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VIRUSES AND BACTERIA:
Part 2 Viruses

Viruses are waterborne pathogens that, because of their small size, have a high potential to move deeply through subsurface environments, penetrate aquitards, and reach confined aquifers. Until recently, few water utilities or researchers were aware of possible virus presence in deep aquifers and wells. Over the past several years, repeated detection of viruses in water from both shallow unconfined and deep confined aquifers, shows that viruses can be important groundwater contaminants and threats to human health. Recent research in Wisconsin has conclusively shown that viruses in untreated drinking water, including water from municipal water systems, are impacting human health.

Participants in this webinar will hear state-of-the-art research on viruses in groundwater described in practical terms with immediate implications and applications. The speakers will describe current and recent virus studies on water supply wells, including practical field sampling techniques using glass-wool filters, sample handling, and analytical options. The webinar will also discuss the implications of finding viruses - from the scientific perspective and from the regulatory perspective, including the implications for the water-supply industry and water utilities.

Finally the webinar will present the intriguing possibilities for using viruses as environmental tracers in groundwater, and how ongoing research is investigating this potential.

Highlights of the webinar:

  • What are viruses and how they differ from other pathogens (bacteria, protozoa)?
  • What are the sources and transport mechanisms for viruses in groundwater?
  • Where are viruses found in groundwater?
  • What are the human health implications for viruses in groundwater?
  • How can virus presence be successfully sampled and tested?
  • What do viruses tell us about vulnerability to contamination?

Attendee will:

  • Learn basic virus definitions and terminology.
  • Understand why virus data can be an important measure of well vulnerability.
  • Appreciate why viruses are an important contaminant of concern with significant implications for human health and water treatment.
  • Learn accepted techniques for sampling water for viruses.

Instructors Bio

Mark Borchardt, Ph.D. recently joined the USDA-Agricultural Research Service as a Research Microbiologist in the Environmentally Integrated Dairy Management Research Unit in Marshfield, Wisconsin. Prior to his new position, he was a Research Scientist for 15 years at the Marshfield Clinic Research Foundation. His published research involves the areas of groundwater-borne viruses, methods of pathogen detection in the environment, and human health as related to drinking water and sanitation. In his new position, Dr. Borchardt is investigating solutions for mitigating the environmental transmission of pathogens found in livestock manure. Dr. Borchardt served on the drinking water, homeland security, and state of the environment committees of the US Environmental Protection Agency Science Advisory Board. He currently serves as an advisor for the Green Tier Program of the Wisconsin Department of Natural Resources.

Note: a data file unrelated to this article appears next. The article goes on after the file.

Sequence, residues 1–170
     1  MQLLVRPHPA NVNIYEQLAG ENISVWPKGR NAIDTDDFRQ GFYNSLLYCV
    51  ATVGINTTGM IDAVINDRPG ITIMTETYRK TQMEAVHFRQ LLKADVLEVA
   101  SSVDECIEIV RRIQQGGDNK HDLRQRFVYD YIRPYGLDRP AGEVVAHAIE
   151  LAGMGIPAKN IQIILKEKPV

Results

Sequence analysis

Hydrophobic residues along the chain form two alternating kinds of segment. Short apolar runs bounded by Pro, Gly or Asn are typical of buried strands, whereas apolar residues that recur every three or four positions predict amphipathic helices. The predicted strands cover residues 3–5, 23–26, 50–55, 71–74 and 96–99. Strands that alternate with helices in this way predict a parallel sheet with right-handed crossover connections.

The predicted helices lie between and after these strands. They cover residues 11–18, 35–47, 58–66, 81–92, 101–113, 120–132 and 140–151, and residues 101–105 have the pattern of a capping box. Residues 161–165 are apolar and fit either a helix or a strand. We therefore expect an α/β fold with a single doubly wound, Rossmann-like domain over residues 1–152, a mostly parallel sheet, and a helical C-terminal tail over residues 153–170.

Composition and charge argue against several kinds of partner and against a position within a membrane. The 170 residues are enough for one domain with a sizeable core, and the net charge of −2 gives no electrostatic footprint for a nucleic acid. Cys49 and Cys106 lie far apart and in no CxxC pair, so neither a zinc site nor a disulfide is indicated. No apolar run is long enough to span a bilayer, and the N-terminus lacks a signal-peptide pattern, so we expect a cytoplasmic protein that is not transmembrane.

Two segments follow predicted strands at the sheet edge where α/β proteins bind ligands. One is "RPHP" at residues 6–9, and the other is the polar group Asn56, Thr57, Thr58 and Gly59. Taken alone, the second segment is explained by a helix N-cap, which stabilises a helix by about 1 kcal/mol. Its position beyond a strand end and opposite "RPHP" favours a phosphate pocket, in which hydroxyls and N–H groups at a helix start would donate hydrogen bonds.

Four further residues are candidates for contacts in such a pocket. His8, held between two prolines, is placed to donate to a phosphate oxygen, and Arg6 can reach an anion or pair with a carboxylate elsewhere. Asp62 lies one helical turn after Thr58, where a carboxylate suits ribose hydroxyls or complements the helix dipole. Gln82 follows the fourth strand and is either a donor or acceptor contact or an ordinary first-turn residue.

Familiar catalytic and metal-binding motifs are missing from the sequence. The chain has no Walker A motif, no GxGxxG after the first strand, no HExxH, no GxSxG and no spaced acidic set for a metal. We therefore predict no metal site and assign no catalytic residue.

Kenneth Bradbury
(http://wisconsingeologicalsurvey.org/staff_krb.htm)
received his PhD in Geology from the UW-Madison in 1982, and has been a research hydrogeologist/professor with the Wisconsin Geological and Natural History Survey, University of Wisconsin-Extension, since that time. He serves as Program Leader of water and environmental programs for the Survey. Ken's current research interests include virus transport in groundwater, groundwater flow in fractured media, aquitard hydrogeology, groundwater recharge processes, wellhead protection, regional groundwater simulation, and the hydrogeology of glacial deposits. Ken is the author of numerous scientific papers and reports, is a Fellow in the Geological Society of America, has chaired the National Research Council Committee on Water Resources Research for the U.S. Geological Survey, and is a former member of the National Research Council's Water Science and Technology Board.



Fee: 299.00 USD Per Webinar

Downloads: Session Slides (PDF)
Record of Attendance Form (PDF)

Number of Participants: Unlimited from a single computer (Broadcast webinar in your conference room or auditorium for no extra charge)

Continuing Education Certificates: Unlimited. $14.95 each. Official CEU certificates are available as an option and only available at the time of webinar participation from Northern Illinois University. Ordering steps are given at time of webinar order.

Access: On-demand, anytime 24/7.
Access Duration: 24 hours.

Discounts: Buy 3 on-demand webinars, and get 3 on-demand webinars for free!

Duration: 90 minutes
PDH Earned: 1.5 hours
   
Instructor(s): Mark Borchardt, PhD and Ken Bradbury, PhD


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